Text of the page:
... Moreover, assigning a youth to unnecessary intensive treatment is a waste of time, resources, and may even increase their risk of reoffense (Lowenkamp & Latessa, 2004). Additionally, the base rate of adolescent sexual reoffending is incredibly low (Caldwell, 2016), and thus any attempt at predicting a reoffense will be rife with false-positives, capping risk assessment validity. In light of the developmental limitations that can impact risk, focusing on predicting sexual reoffending may not be a valuable use of time; rather than using risk assessment scales to predict risk, Kang and colleagues (2019) recommends focusing on remediation, which requires a strong understanding of the individual treatment needs of the adolescent. ...
Article
The Juvenile Sex Offender Assessment Protocol-II (J-SOAP-II) is a tool used to aid clinicians in assessing the sexual and criminal reoffense risk of male youths who have committed a sex offense. Despite its popularity, the factor structure has not been thoroughly assessed. The present study used confirmatory factor analysis (CFA) to test the factor structure of the four subscales of the J-SOAP-II in a group of youths aged 12-18 who were confined for sexual offenses (N = 909), and whether the fit is affected by youth race. The results showed a poor fit to the data. An ad-hoc goal was added, to propose a new factor structure using exploratory factor analysis (EFA) on one half of the data, and CFA on the second half of the data. The EFA identified three-factors: Sexual Offending and Victimization History, Risk for General Delinquency, and Antisocial Beliefs and Attitudes. This three-factor model, provided an improved, but not good, fit, indicating that further modifications to the J-SOAP-II are required to meaningfully capture risk-relevant latent constructs.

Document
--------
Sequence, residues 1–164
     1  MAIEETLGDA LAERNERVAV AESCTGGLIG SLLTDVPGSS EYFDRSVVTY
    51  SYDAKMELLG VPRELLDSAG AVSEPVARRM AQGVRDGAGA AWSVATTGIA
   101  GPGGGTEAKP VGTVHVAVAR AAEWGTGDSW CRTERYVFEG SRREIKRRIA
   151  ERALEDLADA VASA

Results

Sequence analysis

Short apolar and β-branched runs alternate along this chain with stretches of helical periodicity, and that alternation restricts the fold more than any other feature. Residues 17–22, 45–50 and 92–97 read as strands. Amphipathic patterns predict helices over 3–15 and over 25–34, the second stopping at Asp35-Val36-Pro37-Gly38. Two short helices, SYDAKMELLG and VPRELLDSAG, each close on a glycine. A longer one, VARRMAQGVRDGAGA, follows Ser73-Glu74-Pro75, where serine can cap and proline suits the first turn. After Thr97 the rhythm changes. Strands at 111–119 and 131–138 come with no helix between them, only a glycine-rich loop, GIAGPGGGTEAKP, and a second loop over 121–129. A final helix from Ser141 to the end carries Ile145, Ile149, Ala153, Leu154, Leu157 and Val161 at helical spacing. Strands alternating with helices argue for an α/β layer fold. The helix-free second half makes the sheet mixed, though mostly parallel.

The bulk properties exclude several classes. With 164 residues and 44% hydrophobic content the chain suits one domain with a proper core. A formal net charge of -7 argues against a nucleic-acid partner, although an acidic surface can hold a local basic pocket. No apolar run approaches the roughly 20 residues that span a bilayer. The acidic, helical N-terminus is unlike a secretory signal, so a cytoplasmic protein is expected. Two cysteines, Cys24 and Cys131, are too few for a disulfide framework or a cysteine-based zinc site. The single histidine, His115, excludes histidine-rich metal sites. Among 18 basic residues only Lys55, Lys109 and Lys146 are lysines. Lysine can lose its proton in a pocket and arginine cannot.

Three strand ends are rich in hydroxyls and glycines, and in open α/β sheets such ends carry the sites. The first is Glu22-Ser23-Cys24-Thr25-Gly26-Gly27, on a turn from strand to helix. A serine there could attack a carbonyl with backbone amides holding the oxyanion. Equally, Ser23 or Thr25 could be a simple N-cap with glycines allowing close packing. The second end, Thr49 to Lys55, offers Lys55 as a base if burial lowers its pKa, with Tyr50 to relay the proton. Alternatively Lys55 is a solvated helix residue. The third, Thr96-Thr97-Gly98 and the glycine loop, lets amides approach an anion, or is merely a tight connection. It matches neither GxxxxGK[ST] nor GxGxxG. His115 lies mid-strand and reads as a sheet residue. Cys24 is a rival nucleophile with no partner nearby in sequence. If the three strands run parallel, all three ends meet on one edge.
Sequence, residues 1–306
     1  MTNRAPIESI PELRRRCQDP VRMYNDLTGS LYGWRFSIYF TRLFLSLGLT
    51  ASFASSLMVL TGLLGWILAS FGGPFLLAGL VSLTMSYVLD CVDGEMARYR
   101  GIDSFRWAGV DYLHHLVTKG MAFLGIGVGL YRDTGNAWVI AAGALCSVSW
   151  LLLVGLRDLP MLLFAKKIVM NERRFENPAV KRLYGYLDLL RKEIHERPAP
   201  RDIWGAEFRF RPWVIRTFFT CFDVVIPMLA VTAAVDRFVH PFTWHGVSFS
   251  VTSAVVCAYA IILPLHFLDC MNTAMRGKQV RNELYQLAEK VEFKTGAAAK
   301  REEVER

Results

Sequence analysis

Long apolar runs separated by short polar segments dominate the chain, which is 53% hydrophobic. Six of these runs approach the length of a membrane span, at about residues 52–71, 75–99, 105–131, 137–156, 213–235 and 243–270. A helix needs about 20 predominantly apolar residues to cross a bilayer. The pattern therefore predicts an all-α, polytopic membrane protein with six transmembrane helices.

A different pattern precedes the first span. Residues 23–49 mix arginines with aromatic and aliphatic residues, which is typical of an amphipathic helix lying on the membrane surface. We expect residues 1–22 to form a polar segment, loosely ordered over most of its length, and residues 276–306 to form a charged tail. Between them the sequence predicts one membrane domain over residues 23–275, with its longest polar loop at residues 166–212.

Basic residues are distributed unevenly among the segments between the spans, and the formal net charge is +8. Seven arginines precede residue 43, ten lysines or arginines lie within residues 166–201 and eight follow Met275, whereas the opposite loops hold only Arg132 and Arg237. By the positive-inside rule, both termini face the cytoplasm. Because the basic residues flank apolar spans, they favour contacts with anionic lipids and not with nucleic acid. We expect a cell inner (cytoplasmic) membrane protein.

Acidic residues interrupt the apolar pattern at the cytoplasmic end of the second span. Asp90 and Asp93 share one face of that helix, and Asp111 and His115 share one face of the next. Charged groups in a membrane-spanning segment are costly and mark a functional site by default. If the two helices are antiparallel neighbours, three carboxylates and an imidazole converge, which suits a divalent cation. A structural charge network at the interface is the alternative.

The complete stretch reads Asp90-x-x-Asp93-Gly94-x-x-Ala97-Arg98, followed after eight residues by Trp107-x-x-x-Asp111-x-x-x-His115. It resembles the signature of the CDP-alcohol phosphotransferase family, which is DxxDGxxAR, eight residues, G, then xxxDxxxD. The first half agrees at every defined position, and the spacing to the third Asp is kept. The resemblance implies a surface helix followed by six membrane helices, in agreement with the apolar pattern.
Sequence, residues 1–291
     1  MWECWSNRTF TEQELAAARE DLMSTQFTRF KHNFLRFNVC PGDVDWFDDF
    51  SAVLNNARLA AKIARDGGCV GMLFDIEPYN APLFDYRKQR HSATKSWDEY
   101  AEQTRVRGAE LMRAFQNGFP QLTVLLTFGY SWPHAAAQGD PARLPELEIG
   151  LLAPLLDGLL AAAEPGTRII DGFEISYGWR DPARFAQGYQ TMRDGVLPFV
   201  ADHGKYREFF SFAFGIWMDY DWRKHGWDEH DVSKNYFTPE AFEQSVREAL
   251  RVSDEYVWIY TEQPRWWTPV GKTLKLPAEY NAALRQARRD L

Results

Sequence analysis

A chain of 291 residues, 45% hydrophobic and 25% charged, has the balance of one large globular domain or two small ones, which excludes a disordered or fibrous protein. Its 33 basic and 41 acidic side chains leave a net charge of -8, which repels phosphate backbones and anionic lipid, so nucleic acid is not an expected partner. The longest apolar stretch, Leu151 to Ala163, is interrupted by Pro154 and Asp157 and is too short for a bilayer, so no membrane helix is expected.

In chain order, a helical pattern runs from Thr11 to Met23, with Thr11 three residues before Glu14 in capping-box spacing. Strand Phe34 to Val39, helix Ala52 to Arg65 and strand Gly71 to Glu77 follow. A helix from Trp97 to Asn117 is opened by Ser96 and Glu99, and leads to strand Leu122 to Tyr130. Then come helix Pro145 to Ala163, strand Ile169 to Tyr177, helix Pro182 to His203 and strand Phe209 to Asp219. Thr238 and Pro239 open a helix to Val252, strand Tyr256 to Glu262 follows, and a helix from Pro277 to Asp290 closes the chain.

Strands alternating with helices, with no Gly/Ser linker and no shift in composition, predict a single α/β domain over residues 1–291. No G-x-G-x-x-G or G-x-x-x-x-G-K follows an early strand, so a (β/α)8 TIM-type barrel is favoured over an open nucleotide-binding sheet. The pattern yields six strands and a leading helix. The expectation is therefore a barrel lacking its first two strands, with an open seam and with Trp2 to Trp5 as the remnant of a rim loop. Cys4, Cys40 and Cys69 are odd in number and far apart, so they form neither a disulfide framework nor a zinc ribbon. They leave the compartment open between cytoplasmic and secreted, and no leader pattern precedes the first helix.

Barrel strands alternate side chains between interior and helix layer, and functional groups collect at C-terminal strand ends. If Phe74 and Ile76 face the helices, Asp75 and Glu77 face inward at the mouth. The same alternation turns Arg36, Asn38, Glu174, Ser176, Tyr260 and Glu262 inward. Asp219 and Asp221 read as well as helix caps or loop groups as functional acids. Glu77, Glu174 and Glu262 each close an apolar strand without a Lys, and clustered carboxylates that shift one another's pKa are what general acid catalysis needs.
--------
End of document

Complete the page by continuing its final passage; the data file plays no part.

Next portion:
... Although some researchers suggested that juvenile recidivism should be examined soon after the initial offense (e.g. Carpentier & Proulx, 2011), a somewhat longer follow-up period would likely have resulted in slightly higher reoffending rates (Caldwell, 2016). Moreover, the additional analyses for describing criminal recidivism in greater detail relied on a small subsample of adolescents, and thus need to be replicated with a larger sample of JSOs. ...
Article
Criminal behaviours vary significantly among juveniles who have sexually offended (JSOs). Offense-related subtypes may differ in criminal persistence and inform clinical practice. In the present study, Latent Class Analysis empirically derived four distinct JSO subtypes based on 10 offense/victim characteristics in a comprehensive sample of 670 JSOs (M age = 14.49, SD age = 1.94): a severe peer/adult-offender subtype (22.4%), a child-offender subtype (30.1%), a touch-offender subtype (27.9%), and a verbal/online-offender subtype (19.6%). Cox regressions indicated that JSOs of the severe peer/adult-offender subtype were at increased risk of sexual and nonsexual criminal recidivism. JSOs of the severe peer/adult-offender subtype as well as the child victim subtype appeared highly burdened with behaviour/social problems and psychosocial adversity/adverse childhood experiences. Our findings show that the variety of offense characteristics, predispositions, and recidivism risks characterising JSOs deserve precise consideration to allow the implementation of effective, individually tailored treatment approaches aimed at reducing future crime.
... Additionally, even though the public supports mandatory registration and believes juveniles will grow up to be adult sex offenders, it does not appear that juveniles with sex offenses reoffend at high rates. Caldwell (2016) conducted a meta-analysis, which found that on average, studies found that recidivism rates are quite low for juveniles who have sexually offended (2.75% sexual recidivism rate). Even though research studies continue to find that sexual recidivism rates for juveniles are very low, the public has reported support for mandatory registration and appears to believe juvenile sex offenders grow up to become adult sex offenders (Katz-Schiavone et al., 2008). ...
Article
Full-text available